Is Hate a Mental Health Issue in the Deaf Community?

Written English transcript:

 

This is a video response for National Deaf Therapy (NDT)—

Hate is a form of oppression that a countless number of Deaf people encounter. Normally, we think of “hate” is referred to, even invisible number of Deaf people are being swept under the rug.

However, National Deaf Therapy claimed that ‘Hate is not mental health issue.”

The forms of hate can be found in: bullying, Audism, discrimination, taunting, making offensive comments, judging, power of abuse, public shaming and forth where Deaf people experience every day. Can we admit the truth that there are lots of Deaf people has experienced some type of bullying? Compassion? The chain reaction of shaming, could bullying lead to hate? Will National Deaf Therapy resist this?

Is there some kind of close connection between the right to stand up against hate and separation from power-struggle in the spirit of Deaf people?

Behind it all, of course, was most neglected problem Deaf people face that was thought to be under attack and why it would allow this to happen.

The American Psychological Association (APA) and The Psychology of Hate Crimes at APA Public Interest Government Relations Office in 2017 has stated:

“Hate crimes are a public mental health issue.” Will National Deaf Therapy agree with APA?

In 2016, Huff Post published a powerful article: Hate Is a Mental Health Issue by Dr. Barbara Van Dahlen writes:

“We need to recognize this type of hatred for what it is, a sign of severe emotional disturbance. And we need to take more responsibility for those around us who seem to be suffering—before their pain becomes unbearable and is turned inward against themselves or outward……. This type of overwhelming, all-consuming hatred cannot exist within an emotionally healthy human being.”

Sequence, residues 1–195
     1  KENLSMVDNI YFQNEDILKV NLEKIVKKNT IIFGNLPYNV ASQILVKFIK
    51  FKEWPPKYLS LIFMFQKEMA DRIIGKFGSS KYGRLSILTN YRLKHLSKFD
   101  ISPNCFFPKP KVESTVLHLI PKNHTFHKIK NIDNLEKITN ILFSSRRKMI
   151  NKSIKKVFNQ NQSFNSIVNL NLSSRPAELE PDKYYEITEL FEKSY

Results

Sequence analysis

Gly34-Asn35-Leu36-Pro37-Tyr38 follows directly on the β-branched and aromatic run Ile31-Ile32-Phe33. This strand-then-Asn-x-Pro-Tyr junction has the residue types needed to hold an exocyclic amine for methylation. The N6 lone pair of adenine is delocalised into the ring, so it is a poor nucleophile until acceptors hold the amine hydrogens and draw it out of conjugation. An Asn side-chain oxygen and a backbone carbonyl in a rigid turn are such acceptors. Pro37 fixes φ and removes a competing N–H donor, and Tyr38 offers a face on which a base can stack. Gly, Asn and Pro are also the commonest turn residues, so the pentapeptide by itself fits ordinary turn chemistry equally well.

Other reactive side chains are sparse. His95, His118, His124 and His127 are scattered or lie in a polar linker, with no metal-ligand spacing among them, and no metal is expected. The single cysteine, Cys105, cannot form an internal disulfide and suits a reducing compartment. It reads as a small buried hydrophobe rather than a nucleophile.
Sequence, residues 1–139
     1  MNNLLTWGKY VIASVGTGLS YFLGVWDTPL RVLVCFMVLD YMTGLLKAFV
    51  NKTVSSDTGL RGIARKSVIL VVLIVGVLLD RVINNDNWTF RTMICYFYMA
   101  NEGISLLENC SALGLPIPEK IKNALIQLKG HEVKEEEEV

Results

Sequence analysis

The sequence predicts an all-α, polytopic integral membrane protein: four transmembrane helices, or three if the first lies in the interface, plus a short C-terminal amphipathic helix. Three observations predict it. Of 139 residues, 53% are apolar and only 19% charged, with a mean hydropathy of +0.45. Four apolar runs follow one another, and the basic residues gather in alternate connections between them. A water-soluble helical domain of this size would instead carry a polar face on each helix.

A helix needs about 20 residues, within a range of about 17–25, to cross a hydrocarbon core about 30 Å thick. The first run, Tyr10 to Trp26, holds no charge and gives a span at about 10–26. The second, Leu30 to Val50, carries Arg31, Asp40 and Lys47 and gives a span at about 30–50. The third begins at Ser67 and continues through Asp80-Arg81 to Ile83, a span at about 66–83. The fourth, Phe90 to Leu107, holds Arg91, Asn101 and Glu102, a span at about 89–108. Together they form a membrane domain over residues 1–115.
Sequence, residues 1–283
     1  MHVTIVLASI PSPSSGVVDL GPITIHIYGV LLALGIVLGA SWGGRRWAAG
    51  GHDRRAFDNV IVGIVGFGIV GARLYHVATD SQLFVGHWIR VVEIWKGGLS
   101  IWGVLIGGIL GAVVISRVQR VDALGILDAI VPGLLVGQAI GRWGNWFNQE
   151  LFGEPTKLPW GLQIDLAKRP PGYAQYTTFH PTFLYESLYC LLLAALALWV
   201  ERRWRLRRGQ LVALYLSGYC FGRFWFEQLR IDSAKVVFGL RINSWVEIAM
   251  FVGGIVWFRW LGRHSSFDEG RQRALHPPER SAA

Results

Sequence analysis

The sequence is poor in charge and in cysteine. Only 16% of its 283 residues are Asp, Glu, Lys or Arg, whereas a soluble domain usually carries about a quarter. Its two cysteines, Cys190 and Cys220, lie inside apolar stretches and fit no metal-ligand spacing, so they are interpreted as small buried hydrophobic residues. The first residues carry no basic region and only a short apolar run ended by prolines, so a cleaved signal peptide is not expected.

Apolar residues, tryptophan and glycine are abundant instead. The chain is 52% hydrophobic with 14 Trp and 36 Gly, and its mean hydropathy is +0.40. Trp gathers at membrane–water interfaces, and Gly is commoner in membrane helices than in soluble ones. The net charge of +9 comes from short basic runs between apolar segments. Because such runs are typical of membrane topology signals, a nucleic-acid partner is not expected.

“Further tragedies can be prevented if we pay attention to the signs of emotional suffering—in ourselves and those we love—and, if we take responsibility for reaching out to those in need, to those who are falling through cracks.” In 2018, James M. Shultz, Tanya L. Zakrison, Sandro Galea in Hate and the Health of Populations,

“Against this backdrop, there should be little question at this point that hate is a powerful motivator of harm against others. The direct consequences of hate—including violence, discrimination, and marginalization of out-groups—are associated with poor health. Apart from the direct physical harm they inflict, hate-induced actions are associated with substantial mental illness effects.”—

“Recognizing that hate is a determinant of health puts the issue squarely within the remit of the population health community, pushing us to consider what we can do to address hate.”—Shultz, Zakrison, Galea.

Hate is indeed, a mental health issue. It is normal for Deaf individuals like yourself to have this kind of reaction, and it is important to understand that hate is not a joke. Yet, National Deaf Therapy questions the cause and effect to describe Deaf people not to experience hate, as a mental health issue is questionable.

In 2007: My essay was written for hate crimes and bias class,
Negative Perceptions of Deaf Individuals in Relation to Knowledge of American Sign Language:

“Yet this most stigmatized group is not often viewed through the lens of compassion and understanding, only modern forms of old ignorance. The Deaf community has gone through considerable evolution, but hate crime remains invisible in face of society.” (Tozier, 2007)